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Well if the value is just sitting on the internal bus, the delay between the $2007 write and when it's actually written to the PPU must be pretty short. Seems like it wouldn't even be worth it to emulate a delay.... and is probably best to just have it take effect immediately.


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PostPosted: Thu Dec 17, 2015 1:17 pm 
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44 master clock cycles is only 3⅔ CPU instructions or 5½ pixels... it's only "slow" in comparison to, say, DMA, or individual PPU reads.


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PostPosted: Thu Dec 17, 2015 2:29 pm 
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So let's bring this back to my original question, then. What is the timing for the read/write?

You said "up to" 44 master cycles so I assume it can vary depending on what the PPU is currently doing. Is it like scroll updates where the PPU does it on certain fixed points in the frame? Or is it a fixed 44 master cycle delay between the $2007 write and the PPU write?


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PostPosted: Thu Dec 17, 2015 2:44 pm 
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It's clocked by the pixel clock, so it depends on the CPU-PPU phase. But the default Visual2c02 CPU-PPU phase timing is:
1⅞px/7½mcy during /WR2007
1⅛px/4½mcy idle after /WR2007 finishes (which is where the variation will come from)
1px/4mcy for ALE cycle
½px/2mcy idle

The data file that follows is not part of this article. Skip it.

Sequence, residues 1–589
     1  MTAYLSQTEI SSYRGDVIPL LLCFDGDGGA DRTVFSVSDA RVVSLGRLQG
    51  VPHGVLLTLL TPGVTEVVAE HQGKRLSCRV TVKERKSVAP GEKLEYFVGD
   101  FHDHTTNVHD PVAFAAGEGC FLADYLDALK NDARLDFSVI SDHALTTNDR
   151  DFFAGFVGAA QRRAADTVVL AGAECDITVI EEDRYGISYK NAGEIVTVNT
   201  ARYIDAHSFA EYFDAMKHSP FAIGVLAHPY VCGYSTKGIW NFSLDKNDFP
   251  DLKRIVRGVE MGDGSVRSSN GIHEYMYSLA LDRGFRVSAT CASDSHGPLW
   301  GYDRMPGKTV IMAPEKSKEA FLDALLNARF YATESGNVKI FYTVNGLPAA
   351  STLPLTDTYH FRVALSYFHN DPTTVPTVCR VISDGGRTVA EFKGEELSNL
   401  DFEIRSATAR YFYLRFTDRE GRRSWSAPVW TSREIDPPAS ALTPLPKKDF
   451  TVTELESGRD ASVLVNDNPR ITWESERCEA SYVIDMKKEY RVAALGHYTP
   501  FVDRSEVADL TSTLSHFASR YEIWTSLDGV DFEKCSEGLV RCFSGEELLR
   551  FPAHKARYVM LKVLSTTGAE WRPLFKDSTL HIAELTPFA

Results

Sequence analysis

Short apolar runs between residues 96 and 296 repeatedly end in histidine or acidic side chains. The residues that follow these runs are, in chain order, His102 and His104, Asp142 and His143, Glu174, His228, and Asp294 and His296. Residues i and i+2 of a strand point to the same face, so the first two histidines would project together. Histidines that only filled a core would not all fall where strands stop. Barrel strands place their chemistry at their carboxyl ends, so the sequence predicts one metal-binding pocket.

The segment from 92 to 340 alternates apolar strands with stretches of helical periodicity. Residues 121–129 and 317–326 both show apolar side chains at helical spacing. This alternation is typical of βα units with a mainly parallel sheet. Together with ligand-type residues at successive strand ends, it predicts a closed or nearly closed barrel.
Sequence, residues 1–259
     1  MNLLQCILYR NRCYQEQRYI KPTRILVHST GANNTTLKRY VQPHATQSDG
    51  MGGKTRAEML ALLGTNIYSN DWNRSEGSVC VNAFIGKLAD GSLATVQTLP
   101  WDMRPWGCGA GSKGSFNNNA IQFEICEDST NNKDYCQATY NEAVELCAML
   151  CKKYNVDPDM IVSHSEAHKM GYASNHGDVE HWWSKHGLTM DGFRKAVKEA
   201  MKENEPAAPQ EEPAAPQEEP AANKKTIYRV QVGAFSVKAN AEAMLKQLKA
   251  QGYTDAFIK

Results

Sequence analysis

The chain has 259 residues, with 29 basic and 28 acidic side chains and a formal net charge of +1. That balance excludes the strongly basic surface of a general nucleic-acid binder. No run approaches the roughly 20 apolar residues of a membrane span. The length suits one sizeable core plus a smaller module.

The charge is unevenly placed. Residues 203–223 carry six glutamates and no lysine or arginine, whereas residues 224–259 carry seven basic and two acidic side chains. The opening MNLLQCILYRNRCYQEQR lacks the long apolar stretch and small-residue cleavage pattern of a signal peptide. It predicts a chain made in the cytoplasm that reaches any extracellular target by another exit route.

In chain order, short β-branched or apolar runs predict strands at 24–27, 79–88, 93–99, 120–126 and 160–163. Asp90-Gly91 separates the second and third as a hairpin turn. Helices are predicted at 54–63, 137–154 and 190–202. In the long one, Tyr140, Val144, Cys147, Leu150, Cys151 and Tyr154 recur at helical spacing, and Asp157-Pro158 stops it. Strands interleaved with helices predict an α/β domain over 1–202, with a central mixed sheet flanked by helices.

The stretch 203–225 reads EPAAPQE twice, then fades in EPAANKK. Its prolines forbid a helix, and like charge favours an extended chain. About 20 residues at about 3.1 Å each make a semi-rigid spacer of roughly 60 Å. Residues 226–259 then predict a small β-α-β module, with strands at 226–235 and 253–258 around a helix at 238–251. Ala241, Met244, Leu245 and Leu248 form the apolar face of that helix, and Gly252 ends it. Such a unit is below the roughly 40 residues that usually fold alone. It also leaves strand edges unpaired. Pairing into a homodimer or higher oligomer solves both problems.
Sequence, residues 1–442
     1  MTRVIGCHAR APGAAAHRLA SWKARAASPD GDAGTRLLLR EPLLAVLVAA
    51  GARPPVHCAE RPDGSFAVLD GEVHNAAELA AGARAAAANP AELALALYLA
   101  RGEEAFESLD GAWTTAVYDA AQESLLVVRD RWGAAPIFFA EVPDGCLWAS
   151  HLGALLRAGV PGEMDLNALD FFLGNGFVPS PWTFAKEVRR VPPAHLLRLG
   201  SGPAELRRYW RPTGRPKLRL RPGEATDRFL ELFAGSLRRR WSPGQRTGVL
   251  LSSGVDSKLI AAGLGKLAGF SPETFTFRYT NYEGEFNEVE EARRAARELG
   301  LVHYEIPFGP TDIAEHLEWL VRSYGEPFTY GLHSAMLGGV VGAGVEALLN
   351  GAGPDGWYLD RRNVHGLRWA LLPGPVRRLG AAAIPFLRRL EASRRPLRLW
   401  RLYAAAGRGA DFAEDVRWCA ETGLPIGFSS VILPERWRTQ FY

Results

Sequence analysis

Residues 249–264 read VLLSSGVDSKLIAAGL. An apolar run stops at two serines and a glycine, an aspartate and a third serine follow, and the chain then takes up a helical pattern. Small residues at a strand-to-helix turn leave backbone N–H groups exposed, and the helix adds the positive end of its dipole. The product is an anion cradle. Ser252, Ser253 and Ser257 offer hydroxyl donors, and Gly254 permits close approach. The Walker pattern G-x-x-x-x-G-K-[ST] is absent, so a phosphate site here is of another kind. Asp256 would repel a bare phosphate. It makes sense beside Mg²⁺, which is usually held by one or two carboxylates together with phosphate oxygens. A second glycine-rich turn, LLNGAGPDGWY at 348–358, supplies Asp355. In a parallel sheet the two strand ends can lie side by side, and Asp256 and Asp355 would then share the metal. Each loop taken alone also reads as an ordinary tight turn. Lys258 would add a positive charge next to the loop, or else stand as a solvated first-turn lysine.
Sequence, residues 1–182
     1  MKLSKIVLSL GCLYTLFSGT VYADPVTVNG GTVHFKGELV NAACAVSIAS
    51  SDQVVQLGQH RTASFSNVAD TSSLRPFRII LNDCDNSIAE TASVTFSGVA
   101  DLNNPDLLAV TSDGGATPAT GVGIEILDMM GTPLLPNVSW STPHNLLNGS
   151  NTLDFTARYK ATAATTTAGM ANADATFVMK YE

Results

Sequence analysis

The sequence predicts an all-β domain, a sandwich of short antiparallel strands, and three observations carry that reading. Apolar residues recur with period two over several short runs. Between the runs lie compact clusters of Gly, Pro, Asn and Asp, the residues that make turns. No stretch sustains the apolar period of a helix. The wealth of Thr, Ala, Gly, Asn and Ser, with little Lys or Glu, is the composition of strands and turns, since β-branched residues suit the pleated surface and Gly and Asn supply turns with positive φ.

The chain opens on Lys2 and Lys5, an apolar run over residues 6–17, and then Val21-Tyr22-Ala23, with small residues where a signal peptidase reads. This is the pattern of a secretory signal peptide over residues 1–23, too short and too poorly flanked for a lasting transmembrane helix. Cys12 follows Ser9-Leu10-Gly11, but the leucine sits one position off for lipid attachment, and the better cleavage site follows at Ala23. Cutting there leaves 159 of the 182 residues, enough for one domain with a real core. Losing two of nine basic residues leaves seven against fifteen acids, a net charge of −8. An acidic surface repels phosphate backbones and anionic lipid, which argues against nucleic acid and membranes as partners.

1px/4mcy for PPU /WR


Last edited by lidnariq on Thu Dec 17, 2015 3:59 pm, edited 1 time in total.

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PostPosted: Thu Dec 17, 2015 3:20 pm 
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Aren't there four master clock cycles per pixel? Or are you talking about the half-cycles used by the color encoder?


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PostPosted: Fri Dec 18, 2015 2:38 am 
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Quote:
The "write buffer" isn't really a buffer - the value simply floats on the internal data bus until it's ready to go out the data pins, and the PPU relies on the fact that this value takes a while to decay. It's actually the same value you get back when you read a write-only register (and modify when you write to any other register).

Wow I'm surprised this works at all. Sounds like really choppy electronics design, I would certainly had bad grades as a student if I ever designed a chip like that.

There should still be some kind of buffer, since the PPU is connected to the CPU data lines (which will send the 8 data bits written to $2007), but then those data lines will immediately be used for fetching the next instruction, and as such another value will appear on this bus. I do not see how the PPU can rely on it when doing a later write to it's own bus, even if it's only 1 cycle later.